Crime Scene Investigator Says He Was Concerned When He Saw Walter Scott's Wounds
Former North Charleston Police Officer Michael Slager sits at the defense table during testimony in Slager's murder trial, Tuesday Nov. 8, 2016, in Charleston, South Carolina. Grace Beahm/Pool / Getty Images
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CHARLESTON, S.C. — A state crime scene investigator testified Tuesday that he was concerned when he examined the body of a black motorist shot by a white police officer because what he saw didn't jibe with what he was told about how Walter Scott died.
Scott's wounds "seemed to be in the back and side and didn't seem to be correct," Almon Brown testified during the murder trial of Michael Slager.
Brown, who was an investigator for the State Law Enforcement Division at the time, testified that when he arrived at the scene of the April 2015 shooting, he was briefed that it happened during a confrontation between Scott and Slager, a former North Charleston patrolman.
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Slager is standing trial for murder and could be sentenced to 30 years to life if convicted. Scott was shot as he fled a traffic stop after being pulled over for having a broken taillight on his car. A video made by a bystander showing Slager shooting Scott in the back stunned the nation.
Brown was called as the prosecution presented witnesses for a fourth day in the trial. Photos he took at the crime scene, including a photo of Scott's body, were introduced and shown to the jury.
Brown was one of three crime-scene investigators who testified Tuesday. Also testifying was former North Charleston Police Department investigator Scott Wyant, who said he didn't do a complete investigation at the scene because state investigators handle shootings involving police officers.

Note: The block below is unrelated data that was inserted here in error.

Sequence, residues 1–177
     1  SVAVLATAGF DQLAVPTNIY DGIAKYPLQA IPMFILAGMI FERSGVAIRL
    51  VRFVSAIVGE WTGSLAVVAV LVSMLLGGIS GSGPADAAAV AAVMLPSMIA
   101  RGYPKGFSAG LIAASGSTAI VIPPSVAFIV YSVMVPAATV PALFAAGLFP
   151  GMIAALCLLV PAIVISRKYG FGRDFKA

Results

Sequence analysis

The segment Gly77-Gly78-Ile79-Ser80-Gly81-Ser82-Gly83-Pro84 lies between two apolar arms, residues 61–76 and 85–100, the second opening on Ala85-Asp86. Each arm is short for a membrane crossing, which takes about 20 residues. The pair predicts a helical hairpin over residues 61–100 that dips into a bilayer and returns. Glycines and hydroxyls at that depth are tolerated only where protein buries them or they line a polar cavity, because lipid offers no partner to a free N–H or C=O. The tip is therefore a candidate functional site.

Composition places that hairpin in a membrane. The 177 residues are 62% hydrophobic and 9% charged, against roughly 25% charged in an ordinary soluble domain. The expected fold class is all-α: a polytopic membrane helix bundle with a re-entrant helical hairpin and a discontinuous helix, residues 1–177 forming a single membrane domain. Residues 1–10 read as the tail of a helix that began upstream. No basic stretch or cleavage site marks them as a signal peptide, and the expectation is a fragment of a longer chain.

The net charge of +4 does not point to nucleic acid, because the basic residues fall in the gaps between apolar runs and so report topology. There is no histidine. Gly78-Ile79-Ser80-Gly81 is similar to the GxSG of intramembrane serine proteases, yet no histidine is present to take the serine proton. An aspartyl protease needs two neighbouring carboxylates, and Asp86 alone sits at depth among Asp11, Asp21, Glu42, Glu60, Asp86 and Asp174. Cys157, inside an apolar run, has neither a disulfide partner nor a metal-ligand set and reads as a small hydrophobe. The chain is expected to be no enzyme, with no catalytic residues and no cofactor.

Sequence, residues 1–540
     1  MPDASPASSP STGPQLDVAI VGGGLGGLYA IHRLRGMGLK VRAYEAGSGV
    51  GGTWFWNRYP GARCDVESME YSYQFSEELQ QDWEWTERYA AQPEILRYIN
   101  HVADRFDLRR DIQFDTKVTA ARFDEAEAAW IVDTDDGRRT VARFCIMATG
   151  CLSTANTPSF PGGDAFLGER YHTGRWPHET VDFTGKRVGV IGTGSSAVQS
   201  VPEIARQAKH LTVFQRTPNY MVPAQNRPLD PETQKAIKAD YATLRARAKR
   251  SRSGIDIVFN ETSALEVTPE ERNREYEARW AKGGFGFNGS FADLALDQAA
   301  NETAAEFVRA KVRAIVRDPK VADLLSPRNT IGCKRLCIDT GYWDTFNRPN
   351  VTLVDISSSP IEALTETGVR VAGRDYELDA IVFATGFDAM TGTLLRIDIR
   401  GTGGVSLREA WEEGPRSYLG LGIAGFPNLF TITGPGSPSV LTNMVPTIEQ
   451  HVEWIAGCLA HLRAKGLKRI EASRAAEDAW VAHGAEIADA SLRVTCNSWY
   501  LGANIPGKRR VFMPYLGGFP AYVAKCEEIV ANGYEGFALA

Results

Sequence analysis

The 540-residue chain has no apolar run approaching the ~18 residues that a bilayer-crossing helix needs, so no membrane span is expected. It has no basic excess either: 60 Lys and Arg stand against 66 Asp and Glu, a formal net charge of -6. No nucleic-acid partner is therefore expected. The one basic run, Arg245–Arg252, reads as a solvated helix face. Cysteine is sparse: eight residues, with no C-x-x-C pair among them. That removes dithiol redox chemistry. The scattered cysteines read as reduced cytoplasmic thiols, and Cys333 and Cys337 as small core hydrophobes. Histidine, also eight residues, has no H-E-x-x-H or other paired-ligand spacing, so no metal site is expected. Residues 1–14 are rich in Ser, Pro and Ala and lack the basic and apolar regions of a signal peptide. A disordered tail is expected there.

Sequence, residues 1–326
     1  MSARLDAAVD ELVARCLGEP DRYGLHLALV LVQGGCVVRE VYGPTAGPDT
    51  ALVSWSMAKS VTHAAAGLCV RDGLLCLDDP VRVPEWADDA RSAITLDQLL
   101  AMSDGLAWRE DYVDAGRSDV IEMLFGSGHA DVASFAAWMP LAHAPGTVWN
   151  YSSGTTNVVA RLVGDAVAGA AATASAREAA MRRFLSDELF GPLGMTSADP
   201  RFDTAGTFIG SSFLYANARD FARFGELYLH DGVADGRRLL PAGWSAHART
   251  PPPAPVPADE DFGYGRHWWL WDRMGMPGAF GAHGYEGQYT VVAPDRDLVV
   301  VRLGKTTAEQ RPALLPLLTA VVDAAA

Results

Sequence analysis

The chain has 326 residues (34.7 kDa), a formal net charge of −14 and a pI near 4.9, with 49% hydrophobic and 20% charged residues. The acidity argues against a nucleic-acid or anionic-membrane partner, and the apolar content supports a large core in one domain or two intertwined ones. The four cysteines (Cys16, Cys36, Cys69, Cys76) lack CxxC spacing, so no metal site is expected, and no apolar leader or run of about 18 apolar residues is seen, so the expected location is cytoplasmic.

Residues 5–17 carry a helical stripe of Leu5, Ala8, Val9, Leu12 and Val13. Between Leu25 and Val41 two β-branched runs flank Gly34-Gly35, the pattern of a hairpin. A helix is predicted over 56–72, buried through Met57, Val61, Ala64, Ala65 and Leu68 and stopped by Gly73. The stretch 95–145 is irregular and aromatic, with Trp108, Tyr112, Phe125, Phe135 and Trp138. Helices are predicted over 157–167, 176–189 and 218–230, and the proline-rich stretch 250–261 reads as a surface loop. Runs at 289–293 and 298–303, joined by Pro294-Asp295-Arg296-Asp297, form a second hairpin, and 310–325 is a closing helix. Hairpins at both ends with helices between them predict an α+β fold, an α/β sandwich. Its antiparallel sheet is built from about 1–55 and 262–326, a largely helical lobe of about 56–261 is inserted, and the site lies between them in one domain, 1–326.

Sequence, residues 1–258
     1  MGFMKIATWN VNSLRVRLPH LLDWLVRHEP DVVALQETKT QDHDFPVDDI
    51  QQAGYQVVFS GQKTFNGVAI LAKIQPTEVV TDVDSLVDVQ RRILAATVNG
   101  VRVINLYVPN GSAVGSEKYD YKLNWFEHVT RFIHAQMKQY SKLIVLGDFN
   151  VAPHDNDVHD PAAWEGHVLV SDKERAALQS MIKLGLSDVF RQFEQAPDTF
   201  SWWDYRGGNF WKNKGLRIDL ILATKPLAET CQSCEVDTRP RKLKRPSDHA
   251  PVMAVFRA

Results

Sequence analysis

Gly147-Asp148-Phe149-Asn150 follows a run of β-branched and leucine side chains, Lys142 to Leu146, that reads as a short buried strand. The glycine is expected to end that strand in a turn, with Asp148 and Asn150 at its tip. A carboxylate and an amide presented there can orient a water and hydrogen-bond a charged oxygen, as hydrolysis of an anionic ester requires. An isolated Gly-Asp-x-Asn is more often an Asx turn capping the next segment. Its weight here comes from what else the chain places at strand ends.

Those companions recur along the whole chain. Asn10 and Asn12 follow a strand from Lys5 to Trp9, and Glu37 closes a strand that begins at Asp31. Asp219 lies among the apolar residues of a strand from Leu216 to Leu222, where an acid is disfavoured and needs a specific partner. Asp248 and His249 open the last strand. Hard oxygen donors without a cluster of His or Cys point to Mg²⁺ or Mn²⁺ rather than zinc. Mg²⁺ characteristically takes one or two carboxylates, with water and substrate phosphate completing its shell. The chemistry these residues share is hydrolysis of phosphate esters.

Wyant served more than 20 years with the department. He said on cross-examination that he was told by his superiors in the department not to do a trace-evidence investigation on Slager looking for such things as gunpowder residue. Wyant said he had expressed his concern that doing so would be a conflict of interest.
Defense attorney Andy Savage has long questioned the adequacy of law enforcement's investigation and at one point last year filed a motion asking the court to look into what he contended was the state's destruction of evidence.
Meanwhile, city officials have said that local police and the FBI are investigating nine suspicious letters mentioning racially oriented violence that were sent from outside of the United States to hotels and a black church where nine parishioners were gunned down last year. The letters arrived amid both the Slager trial and another trial with racial overtones that is taking place in federal court across the street.
Jury selection resumes Wednesday in federal court in the trial of Dylann Roof, who is charged with hate crimes, obstruction of religion and other counts in the fatal shooting of nine black parishioners at the Emanuel AME Church in June 2015.